As you can see, there is a little of set up to do, but it's only once per assembly. (And would be useless if there were some Unity-wide notion of context registry or default container.) At this price, you can use Unity with any object without having to construct them using a factory method. Pay attention that your 'configurable' objects are now configured before the constructor is executed, and not after. So, in the class StoplightForm, we have to move the view initialization at the end of the constructor:
[Configurable]
public partial class StoplightForm : Form, IStoplightView
{
   private StoplightPresenter presenter;

   public StoplightForm()
   {
      InitializeComponent();
      presenter.SetView(this);
    }

   [Dependency]
    public StoplightPresenter Presenter
    {
      get { return presenter; }
      set { presenter = value; }
    }
There are still some problems being discussed, but at least you have the first bits. Happy PostSharping! Gael

I have been quite laconic in the release announcement about relicensing. Much more was said on the licensing page, but yet I got some feedback that it was not clear.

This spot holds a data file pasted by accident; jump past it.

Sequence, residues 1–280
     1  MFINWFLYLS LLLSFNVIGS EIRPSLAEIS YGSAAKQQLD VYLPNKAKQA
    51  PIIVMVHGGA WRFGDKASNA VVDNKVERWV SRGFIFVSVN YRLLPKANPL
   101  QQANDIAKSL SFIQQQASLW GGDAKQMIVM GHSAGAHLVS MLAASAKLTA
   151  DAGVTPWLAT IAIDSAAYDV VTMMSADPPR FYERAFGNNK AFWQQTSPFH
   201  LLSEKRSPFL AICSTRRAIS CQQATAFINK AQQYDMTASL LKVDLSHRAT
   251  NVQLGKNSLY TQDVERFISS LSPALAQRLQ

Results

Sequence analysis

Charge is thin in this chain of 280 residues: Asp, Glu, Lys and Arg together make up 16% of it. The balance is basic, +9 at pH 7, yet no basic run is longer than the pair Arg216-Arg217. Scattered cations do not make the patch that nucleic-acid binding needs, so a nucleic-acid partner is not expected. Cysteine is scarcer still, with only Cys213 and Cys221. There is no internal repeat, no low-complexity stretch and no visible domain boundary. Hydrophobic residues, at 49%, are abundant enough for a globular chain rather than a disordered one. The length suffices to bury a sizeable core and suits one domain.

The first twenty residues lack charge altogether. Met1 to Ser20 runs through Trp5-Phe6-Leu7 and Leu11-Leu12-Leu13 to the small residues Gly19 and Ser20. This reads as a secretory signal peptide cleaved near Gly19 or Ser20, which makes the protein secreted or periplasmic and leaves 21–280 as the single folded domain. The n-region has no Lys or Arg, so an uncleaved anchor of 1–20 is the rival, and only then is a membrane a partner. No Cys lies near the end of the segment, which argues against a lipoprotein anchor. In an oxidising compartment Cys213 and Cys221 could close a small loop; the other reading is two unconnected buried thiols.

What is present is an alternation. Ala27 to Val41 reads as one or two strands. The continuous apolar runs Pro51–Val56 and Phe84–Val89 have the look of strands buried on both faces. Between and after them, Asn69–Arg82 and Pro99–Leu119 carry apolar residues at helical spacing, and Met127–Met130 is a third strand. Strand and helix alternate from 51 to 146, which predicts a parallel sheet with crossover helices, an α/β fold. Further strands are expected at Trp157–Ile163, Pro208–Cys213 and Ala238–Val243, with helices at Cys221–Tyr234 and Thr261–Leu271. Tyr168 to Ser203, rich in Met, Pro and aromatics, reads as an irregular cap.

The summary of PostSharp licensing is: Runtime libraries are released under the non-viral LGPL license; compile-time components are released under GPL.

The first thing to realize is that chances are great that relicensing changes nothing to your life. Indeed, programs that are transformed by PostSharp are not contaminated by GPL, since they reference only runtime libraries of PostSharp. Basically, if your program does not need the library PostSharp.Core.dll to be present on your customer's computer, using PostSharp does not affect your program's licensing scheme at all. And I'm pretty sure it's the case of 99% of users.

So who is impacted by the GPL license? Well, people who develop programs that use PostSharp to modify other assemblies. In other words: if your program transform the programs of your customers, read on.